Unit testing improves designs by making the costs of bad design explicit to the programmer as the software is written. Complicated software with low cohesion and tight coupling requires more tests than simple software with high cohesion and loose coupling. Without unit tests, the costs of the poor design are borne by QA, operators, and customers. With unit tests, the costs are borne by the programmers. Unit tests require time and effort to write, and at their best programmers are lazy and proud folk. They don't want to spend time writing needless tests.
Unit tests make low cohesion visible through the costs of test setup. Low cohesion increases the number of setup tasks performed in a test. In a functionally cohesive module, it is usually only necessary to set up a few different sets of test conditions. The code to set up such a condition is called a test fixture. In a random or functionally cohesive module, many more fixtures are required by comparison. Each fixture is code that must be written, and time and effort must be expended.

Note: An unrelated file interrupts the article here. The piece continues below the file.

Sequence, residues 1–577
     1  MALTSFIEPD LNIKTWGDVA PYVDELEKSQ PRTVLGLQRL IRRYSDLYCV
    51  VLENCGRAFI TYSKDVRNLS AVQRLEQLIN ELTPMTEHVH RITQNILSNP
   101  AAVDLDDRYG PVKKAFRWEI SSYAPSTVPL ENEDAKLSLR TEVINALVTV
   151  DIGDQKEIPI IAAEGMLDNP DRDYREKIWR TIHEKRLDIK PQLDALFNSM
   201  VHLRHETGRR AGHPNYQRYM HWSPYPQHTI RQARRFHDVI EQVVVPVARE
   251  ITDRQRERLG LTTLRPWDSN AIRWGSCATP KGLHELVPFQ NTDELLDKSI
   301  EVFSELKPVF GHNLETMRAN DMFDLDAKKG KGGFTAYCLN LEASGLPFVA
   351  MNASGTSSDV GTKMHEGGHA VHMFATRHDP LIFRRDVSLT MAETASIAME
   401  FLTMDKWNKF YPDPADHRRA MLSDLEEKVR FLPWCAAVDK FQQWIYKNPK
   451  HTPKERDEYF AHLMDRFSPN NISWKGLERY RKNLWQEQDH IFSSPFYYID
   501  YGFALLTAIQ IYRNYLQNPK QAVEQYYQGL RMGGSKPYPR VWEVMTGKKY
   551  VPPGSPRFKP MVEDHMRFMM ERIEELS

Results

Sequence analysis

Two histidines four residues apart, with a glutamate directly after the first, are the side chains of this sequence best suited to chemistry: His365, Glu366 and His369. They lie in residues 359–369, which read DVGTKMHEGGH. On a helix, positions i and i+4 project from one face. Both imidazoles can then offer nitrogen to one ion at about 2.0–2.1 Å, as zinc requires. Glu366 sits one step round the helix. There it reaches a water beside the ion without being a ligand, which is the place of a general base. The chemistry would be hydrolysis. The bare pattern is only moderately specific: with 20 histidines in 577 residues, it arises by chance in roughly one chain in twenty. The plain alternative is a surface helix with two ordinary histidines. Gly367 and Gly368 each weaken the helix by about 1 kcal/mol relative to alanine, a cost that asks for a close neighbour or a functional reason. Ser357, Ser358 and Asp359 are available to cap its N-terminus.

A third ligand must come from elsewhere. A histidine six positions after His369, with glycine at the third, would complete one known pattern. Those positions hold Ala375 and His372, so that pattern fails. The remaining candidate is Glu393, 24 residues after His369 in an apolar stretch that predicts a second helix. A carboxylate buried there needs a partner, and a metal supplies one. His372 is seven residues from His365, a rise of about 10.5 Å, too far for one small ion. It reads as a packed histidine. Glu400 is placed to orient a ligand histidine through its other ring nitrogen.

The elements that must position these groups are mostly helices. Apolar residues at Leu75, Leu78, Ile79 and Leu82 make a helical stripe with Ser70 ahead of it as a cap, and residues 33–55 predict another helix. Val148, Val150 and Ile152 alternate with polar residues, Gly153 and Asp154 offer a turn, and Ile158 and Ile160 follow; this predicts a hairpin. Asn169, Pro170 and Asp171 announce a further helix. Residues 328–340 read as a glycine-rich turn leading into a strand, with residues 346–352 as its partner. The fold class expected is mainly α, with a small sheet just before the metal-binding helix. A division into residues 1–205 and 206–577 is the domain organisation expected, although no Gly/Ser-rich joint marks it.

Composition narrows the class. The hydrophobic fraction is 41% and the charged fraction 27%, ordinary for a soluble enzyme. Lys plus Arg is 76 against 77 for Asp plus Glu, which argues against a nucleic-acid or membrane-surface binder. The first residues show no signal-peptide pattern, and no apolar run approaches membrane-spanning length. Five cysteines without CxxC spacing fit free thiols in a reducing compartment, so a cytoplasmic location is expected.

The more dependencies on external modules, the more setup is required for tests, and the more tests must be written. Each different class of inputs has to be tested, and each different class of input is yet another test to be written.
Jeff Younker (Foundations of Agile Python Development, Apress, 2008, pages 141 - 142).
Never have I seen the case for unit testing and TDD put better.